revenue, which are the most important sources of revenue for European countries and Spain.

Wealth taxes have always collected little revenue. Only in Switzerland—the only country in the world with a low tax rate, broad base, and a large number of billionaires—do tax revenues from individual net wealth taxes reach one percent of GDP. Additionally, wealth taxes are a poor and ineffective way to reduce wealth gaps, not only due to their low revenues but also because a solid redistribution mechanism would need to be in place, and that would create new impacts on its own. Also, if the tax base for these policies were to be broadened, it would make households further down the wealth distribution worse off.

As tempting as wealth taxes might look, especially when so many international organizations note them as a way to reduce wealth inequality, their limited capacity to collect revenue and their negative impact on entrepreneurial activity, savings, innovation, and long-term growth should make policymakers consider their repeal instead of boosting them.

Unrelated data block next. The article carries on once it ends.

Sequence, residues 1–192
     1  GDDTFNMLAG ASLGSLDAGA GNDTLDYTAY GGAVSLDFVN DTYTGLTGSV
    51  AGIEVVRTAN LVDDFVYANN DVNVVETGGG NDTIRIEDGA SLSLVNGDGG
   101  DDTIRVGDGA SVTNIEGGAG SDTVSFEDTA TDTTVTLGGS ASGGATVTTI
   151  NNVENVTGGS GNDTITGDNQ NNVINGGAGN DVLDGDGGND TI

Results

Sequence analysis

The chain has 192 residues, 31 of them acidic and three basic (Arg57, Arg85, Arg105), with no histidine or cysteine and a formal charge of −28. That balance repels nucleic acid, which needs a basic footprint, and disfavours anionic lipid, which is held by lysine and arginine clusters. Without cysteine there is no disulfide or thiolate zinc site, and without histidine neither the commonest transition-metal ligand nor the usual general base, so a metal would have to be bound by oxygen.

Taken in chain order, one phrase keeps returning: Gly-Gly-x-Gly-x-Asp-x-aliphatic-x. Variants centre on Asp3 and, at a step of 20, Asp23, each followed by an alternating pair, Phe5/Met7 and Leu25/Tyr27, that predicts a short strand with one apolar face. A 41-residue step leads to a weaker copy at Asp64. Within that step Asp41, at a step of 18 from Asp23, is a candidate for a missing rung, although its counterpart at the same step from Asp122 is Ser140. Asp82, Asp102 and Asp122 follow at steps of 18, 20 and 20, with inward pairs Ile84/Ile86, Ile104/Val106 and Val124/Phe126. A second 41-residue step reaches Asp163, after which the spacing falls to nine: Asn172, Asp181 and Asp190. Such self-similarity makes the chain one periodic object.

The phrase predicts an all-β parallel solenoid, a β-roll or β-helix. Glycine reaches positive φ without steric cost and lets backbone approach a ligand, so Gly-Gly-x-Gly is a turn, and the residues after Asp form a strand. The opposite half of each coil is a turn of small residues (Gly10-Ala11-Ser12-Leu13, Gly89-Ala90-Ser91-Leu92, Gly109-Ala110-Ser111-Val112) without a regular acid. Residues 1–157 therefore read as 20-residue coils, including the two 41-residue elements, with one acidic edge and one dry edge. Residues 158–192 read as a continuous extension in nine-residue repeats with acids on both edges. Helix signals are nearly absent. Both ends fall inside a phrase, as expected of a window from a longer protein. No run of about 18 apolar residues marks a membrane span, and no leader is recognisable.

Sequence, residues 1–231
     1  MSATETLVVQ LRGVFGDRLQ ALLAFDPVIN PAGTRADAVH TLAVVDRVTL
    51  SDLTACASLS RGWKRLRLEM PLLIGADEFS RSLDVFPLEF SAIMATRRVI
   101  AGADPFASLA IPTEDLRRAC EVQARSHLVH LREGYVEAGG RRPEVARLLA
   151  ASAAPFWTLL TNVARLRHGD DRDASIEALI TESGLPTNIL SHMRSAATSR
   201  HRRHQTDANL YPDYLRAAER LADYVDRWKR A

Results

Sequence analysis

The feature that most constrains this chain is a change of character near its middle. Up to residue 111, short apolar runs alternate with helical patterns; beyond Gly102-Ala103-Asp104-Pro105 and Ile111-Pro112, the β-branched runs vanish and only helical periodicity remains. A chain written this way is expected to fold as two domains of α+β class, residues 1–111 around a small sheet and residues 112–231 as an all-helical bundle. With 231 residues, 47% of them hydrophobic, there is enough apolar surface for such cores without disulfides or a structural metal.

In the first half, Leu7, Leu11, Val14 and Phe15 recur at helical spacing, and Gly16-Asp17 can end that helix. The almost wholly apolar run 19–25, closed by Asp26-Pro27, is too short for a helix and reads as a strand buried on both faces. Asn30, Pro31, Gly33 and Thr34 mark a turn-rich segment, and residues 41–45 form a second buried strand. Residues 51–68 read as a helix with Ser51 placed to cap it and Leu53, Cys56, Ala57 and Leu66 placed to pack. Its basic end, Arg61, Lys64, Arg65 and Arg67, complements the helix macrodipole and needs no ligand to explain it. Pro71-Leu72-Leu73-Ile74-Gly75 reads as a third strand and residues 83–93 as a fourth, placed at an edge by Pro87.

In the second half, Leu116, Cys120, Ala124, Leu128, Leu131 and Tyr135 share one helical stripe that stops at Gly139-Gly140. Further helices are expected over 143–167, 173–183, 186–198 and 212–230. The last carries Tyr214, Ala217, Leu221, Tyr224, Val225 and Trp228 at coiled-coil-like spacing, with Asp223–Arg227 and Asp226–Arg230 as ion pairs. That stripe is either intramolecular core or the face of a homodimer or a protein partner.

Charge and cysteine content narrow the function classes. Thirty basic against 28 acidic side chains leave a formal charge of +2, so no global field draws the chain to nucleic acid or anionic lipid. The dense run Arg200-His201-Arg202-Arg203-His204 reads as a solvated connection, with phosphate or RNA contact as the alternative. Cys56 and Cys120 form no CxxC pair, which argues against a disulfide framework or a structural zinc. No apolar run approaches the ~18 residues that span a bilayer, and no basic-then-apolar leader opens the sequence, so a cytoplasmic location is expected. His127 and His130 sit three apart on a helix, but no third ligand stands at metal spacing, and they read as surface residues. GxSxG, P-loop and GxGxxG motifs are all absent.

At the EU or global level, a coordinated wealth tax, like the 15 percent global corporate minimum tax, is highly improbable. Instead of a Pillar Two approach, a worldwide wealth tax would need an approach more like Pillar One, where a critical number of countries must sign the agreement, including China, Switzerland, and the United States. In Switzerland, taxpayers need to approve any tax increases, making this proposal unfeasible.[30] Another flaw in this approach is the fact that wealth can move beyond borders to any country that is unwilling to sign the agreement.